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Chemistry Annex, University of Illinois at Urbana-Champaign
Champaign, IL
Oval Air Station, University of Illinois at Urbana-Champaign
Capturing fugitive
emissions.
An elegant engineering solution saves a historic laboratory.
A breath of fresh air.
University of Illinois at Urbana-Champaign (UIUC)’s historic chemistry building no longer met the standards of modern science—or the rigors of its top-tier undergraduate chemistry program. Among the ninety-year-old structure’s most pressing challenges was the need for improved ventilation and airflow. In essence, the building needed to breathe, circulating fresh air and removing “fugitive emissions”—the leftover chemicals and odors produced during experiments. Our challenge? Creating an unobtrusive system that could handle heavy ventilation loads while preserving the historic elevation of the original building—without any existing infrastructure.

Solving this challenge meant devising a new solution—one that would put our integrated practice to the test. Beginning with an existing oval work station designed by our architects, our engineers suggested adding a scaled-down modification of the down draft fume systems typically used in industrial ventilation. Using small, inexpensive fans, we adapted the industrial system to blow light jets of air over open beakers, gently pushing chemical fumes toward a low, central vent in the workstation. This system effectively captured fugitive emissions without impeding sightlines, creating noise or relying on strong airflow that would create a noticeable “wind tunnel” effect.

After testing the idea using computational fluid dynamics and developing an initial prototype, we put the new oval air station to the test, with astounding results. An in-lab demonstration with scientists and UIUC leadership revealed three times the rate of capture then vents alone, and was proven safer and more effective than the enclosed labs previously used for hazardous chemical management. Thrilled with the results, UIUC has since installed 56 of the Oval Air Stations.

Currently patent pending, the new Oval Air Station is the culmination of a true partnership between architects and engineers, and is a powerful example of an integrated practice in action. Melding passion and inspiration, design and vision, it offers an elegant solution that not only transformed the renovation of a historic building, but also opened entirely new teaching and research possibilities for UIUC’s prestigious chemistry program.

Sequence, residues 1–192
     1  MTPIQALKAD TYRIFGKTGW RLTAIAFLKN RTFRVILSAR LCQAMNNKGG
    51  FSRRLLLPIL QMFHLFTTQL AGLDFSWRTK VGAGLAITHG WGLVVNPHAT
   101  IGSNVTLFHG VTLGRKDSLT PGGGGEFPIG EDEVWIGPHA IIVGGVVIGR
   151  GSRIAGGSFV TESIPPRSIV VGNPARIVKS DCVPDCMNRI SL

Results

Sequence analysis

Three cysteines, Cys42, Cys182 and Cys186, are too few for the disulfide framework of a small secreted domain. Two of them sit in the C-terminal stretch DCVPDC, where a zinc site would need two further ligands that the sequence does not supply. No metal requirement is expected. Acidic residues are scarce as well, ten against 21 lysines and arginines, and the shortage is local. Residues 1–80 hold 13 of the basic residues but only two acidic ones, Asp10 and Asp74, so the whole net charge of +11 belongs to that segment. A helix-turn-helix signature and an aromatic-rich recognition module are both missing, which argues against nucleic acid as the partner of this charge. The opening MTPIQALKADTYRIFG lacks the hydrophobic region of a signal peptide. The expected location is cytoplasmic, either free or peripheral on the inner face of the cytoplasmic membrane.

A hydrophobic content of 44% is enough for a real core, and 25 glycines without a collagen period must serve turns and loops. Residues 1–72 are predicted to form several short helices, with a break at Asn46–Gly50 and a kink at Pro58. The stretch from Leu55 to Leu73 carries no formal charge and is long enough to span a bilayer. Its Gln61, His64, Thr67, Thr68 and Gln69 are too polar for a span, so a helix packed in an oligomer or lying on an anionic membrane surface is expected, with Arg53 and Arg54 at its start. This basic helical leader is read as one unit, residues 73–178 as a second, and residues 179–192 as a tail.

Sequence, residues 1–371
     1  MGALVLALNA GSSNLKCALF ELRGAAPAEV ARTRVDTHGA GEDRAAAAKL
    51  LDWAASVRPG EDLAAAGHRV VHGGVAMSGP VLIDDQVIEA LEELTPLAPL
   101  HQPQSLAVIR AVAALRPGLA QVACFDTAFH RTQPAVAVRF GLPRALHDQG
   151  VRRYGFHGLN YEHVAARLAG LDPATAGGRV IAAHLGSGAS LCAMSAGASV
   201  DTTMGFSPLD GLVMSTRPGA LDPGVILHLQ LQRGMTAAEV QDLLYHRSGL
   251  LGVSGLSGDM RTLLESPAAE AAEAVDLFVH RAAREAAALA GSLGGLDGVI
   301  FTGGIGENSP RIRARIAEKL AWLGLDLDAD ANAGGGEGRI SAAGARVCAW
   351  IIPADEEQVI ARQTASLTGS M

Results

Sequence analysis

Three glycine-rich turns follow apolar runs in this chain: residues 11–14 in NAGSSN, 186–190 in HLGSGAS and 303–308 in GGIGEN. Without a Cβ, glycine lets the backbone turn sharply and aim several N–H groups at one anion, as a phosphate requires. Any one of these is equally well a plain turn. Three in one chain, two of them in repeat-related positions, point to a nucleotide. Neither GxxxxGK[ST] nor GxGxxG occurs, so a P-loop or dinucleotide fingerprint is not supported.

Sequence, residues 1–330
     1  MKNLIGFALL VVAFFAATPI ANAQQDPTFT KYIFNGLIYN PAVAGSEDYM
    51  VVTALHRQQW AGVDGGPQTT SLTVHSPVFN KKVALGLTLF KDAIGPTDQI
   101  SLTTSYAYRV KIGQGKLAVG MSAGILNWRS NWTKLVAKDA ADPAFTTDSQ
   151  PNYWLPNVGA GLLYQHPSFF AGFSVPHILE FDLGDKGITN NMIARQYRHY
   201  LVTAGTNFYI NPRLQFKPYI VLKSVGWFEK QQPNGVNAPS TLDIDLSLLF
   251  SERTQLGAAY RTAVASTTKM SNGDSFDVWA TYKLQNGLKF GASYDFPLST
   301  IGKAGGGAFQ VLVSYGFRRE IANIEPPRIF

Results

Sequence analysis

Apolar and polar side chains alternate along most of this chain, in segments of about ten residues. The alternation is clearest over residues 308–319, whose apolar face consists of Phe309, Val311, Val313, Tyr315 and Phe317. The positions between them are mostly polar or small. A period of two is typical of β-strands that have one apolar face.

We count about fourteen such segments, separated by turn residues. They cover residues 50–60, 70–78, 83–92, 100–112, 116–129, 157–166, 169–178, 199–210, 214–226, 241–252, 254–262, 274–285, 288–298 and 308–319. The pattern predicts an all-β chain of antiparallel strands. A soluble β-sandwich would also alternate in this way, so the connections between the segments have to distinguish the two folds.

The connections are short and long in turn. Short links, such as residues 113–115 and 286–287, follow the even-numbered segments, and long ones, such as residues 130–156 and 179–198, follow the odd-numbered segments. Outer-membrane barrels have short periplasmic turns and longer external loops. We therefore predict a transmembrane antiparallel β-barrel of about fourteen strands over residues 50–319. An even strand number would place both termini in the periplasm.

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Results
UIUC can now work with a wider range of chemicals than previously possible, opening up new research and teaching possibilities.
The Oval Air Station demonstrated three times more effective fugitive emissions capture than vents alone, and is more effective than the enclosed labs previously used for handling hazardous chemicals.
This elegantly-engineered solution met the laboratories’ ventilation needs while preserving the building’s historic elevation.
Currently patent pending, the Oval Air Station utilizes a push/pull ventilation system to “push” air over beakers and into a small central vent.
There’s a symbiosis in an integrated practice that I just don’t see elsewhere. It’s something borne out of trust, combined expertise and relationships, and it’s truly powerful.”
John Varley
Associate Principal
HED
Project Data
Chemistry Annex 2013-40025-000
University of Illinois at Urbana-Champaign
Urbana, Illinois
PROJECT SCOPE
Renovation + Addition
HED ROLE
Design Architect, Structural Engineering, Mechanical/ Plumbing Engineering
RSF/GSF
52,000
CONSTRUCTION COST
$21.7 Million
Project Team
  • Aaron Shepard
    AIA, LEED AP BD+C, EDAC, ACHA
    Principal
    Project Management
  • Scott Whitebone
    AIA
    Associate Principal
    Architecture + Design Leader
  • Alli Mallory
    Associate
    Architecture + Design
  • Scott Morgan
    PE
    Associate
    Mechanical Engineering
  • Megan Crawford
    PE
    Associate
    Structural Engineering
  • Matthew Bednarczyk
    RA
    Architecture + Design
  • Jack Bullo
    AIA, LEED AP
    Principal
    Architecture + Design
  • Jim Corsiglia
    PE, SE, LEED AP
    Principal
    Structural Engineering Leader
  • Dale Hurttgam
    AIA, LEED AP BD+C
    Associate
    Architecture + Design
  • Chauncey Kingsbury
    AIA, LEED AP BD+C
    Associate
    Project Management
  • Nicholas Clark
    RA
    Architecture + Design
  • Andrea Paupert
    Mechanical Engineering
  • Jason Waddell
    Mechanical Engineering
  • John Clay
    PE, LEED AP
    Associate
    Mechanical Engineering
  • Steven Dailey
    PE, LEED AP
    Principal
    Mechanical Engineering Leader
  • Katherine Kalant
    Associate
    Architecture + Design
  • Michael Trimble
    Mechanical Engineering
  • Brandon Watts
    Mechanical Engineering
  • Carl Williams
    Associate
    Mechanical Engineering
An elegant engineering solution saves a historic laboratory.
Chemistry Annex, University of Illinois at Urbana-Champaign
Champaign, IL
PROJECT DATA
PROJECT TEAM
Capturing fugitive
emissions.